Response: There are two kinds of contempt, civil and
criminal. Civil contempt is used to coerce someone into obeying a court order, like a
grand jury subpoena. Susan McDougal was incarcerated for at least 18 months because she
would not testify before a grand jury which had subpoenaed her to do so. Civil contempt is
brought under a federal statute (28 U.S.C. sec. 1826). Civil contempt is not at issue
here, because the judge does not want to coerce the President into doing something;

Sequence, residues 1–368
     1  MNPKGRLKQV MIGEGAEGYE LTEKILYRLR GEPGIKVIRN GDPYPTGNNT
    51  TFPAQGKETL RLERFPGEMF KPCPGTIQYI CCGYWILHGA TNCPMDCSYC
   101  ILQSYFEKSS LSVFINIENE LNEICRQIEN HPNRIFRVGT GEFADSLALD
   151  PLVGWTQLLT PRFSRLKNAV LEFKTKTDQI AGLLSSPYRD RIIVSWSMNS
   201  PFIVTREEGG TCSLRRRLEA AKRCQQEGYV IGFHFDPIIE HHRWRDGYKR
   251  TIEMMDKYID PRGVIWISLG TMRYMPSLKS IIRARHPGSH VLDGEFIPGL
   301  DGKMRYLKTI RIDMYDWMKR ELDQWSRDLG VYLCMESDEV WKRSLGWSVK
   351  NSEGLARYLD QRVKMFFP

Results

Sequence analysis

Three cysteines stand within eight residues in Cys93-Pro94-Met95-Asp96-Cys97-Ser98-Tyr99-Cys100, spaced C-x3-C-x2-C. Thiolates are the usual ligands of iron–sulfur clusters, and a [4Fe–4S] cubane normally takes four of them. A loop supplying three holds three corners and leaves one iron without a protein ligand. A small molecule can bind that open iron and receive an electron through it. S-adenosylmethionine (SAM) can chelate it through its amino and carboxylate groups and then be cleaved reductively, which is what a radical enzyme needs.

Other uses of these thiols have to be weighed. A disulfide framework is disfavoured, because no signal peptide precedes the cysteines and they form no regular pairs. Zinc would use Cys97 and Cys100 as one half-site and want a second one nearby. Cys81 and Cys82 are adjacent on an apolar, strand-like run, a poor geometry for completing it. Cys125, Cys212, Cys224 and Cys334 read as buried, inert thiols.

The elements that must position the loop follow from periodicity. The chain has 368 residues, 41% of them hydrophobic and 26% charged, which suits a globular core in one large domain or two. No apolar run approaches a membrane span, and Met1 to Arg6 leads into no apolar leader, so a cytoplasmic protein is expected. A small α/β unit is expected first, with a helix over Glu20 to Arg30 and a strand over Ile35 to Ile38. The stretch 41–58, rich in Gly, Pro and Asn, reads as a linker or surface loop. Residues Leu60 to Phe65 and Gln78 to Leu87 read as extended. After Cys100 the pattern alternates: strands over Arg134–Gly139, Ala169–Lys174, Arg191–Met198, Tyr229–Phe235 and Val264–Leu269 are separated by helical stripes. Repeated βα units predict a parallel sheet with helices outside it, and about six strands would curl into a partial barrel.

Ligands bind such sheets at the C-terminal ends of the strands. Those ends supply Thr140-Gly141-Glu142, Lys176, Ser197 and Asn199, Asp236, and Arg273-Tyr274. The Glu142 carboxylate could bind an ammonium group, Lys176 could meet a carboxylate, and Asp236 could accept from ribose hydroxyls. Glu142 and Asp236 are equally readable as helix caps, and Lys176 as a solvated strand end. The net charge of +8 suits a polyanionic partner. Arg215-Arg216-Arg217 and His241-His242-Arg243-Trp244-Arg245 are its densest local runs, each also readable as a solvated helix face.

instead, the judge wants to punish him for what he did.
When a court wants to punish
someone for behaving improperly, it uses criminal contempt. There is a federal statute on
this, as well (e.g., 18 U.S.C. sec. 401). Criminal contempt is a criminal offense, like
any other. This means one facing possible criminal contempt is entitled to all the
procedural protections (notice, hearing, counsel, presumption of innocence, guilty beyond
a reasonable doubt, etc.) one receives in any criminal proceeding.